M. Katherine Gavin
The University of Connecticut
In 1989 the National Council of Teachers of Mathematics (NCTM) published Curriculum and Evaluation Standards for School Mathematics with the hope of revolutionizing mathematics curriculum for K-12 students. Inherent in the Standards is the consensus that students need to learn more mathematics, learn new kinds of mathematics, and learn mathematics in a different way. The major thrust of the Standards is problem solving. “Problem solving (which includes the ways in which problems are represented, the meanings of the language of mathematics, and the ways in which one conjectures and reasons) must be central to schooling so that students can explore, create, accommodate to changed conditions, and actively create new knowledge over the course of their lives” (NCTM, 1989, p. 4). If one picks up a curriculum guide for a gifted/talented program in mathematics, one is apt to find a similar goal. In fact, it is true that the call for revision in the Standards is a call for the use of many skills we formerly considered the domain of gifted programs: problem solving, reasoning, communicating mathematically, creative thinking, and making connections between math and the real world. Topics formerly seen as enrichment for the gifted, such as probability and statistics, are now included as essential to the basic curriculum.
The Standards emphasize that the content outlined is for all students. “Our expectation is that all students must have an opportunity to encounter typical problem situations related to important mathematical topics” (NCTM, 1989, p. 9). Why then do we need to provide programs for high ability students? In defense of the Standards, it is important to note that they clearly state that all students are not alike. “We recognize that students exhibit different talents, abilities, achievements, needs, and interests in relationship to mathematics” (NCTM, 1989, p. 9). In the updated draft of their position paper on the Provisions for Mathematically Talented and Gifted Students, NCTM recommends that all mathematically talented students “have access to appropriate curricula and instruction that contributes to developing positive attitudes, furthering their mathematical interests, and encouraging their continuing participation in the study of mathematics” (NCTM, in preparation). In light of these recommendations, let us examine why and how a program for mathematically talented students should be developed.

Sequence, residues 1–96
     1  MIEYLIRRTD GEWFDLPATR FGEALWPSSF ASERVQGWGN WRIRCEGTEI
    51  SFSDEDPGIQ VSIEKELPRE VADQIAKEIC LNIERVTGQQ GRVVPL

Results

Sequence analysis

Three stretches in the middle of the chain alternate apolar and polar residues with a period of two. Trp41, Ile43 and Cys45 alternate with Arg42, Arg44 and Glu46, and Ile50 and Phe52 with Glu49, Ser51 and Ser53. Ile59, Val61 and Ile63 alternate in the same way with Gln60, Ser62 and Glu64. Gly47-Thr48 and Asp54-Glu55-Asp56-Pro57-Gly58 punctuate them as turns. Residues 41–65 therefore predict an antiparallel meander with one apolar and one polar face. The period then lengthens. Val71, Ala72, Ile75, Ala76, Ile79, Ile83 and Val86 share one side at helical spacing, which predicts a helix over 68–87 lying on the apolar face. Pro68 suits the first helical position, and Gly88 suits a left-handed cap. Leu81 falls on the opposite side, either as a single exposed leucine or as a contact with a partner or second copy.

First, it is important to look at the characteristics of highly able math students to recognize the types of mathematical experiences they will need. This is not a cut-and-dried procedure, because different students make use of different talents at different times. Keeping this in mind, characteristics these students might exhibit would include fast-learning pace, keen observation skills, curiosity and understanding about quantitative information, analytical reasoning skills, flexibility and reversibility of mental processes, energy and persistence in solving problems, ability to transfer learning to novel situations, ability to visualize patterns and spatial relationships, and a mathematical perception of the world (House, 1987). These students certainly need to explore math as problem solving, reasoning, communication, and connections (the hallmarks of the Standards), but they need much more. They need to be on the cutting edge of mathematical and technological discoveries. We have a responsibility to prepare them to become our future mathematicians and leaders in business and science.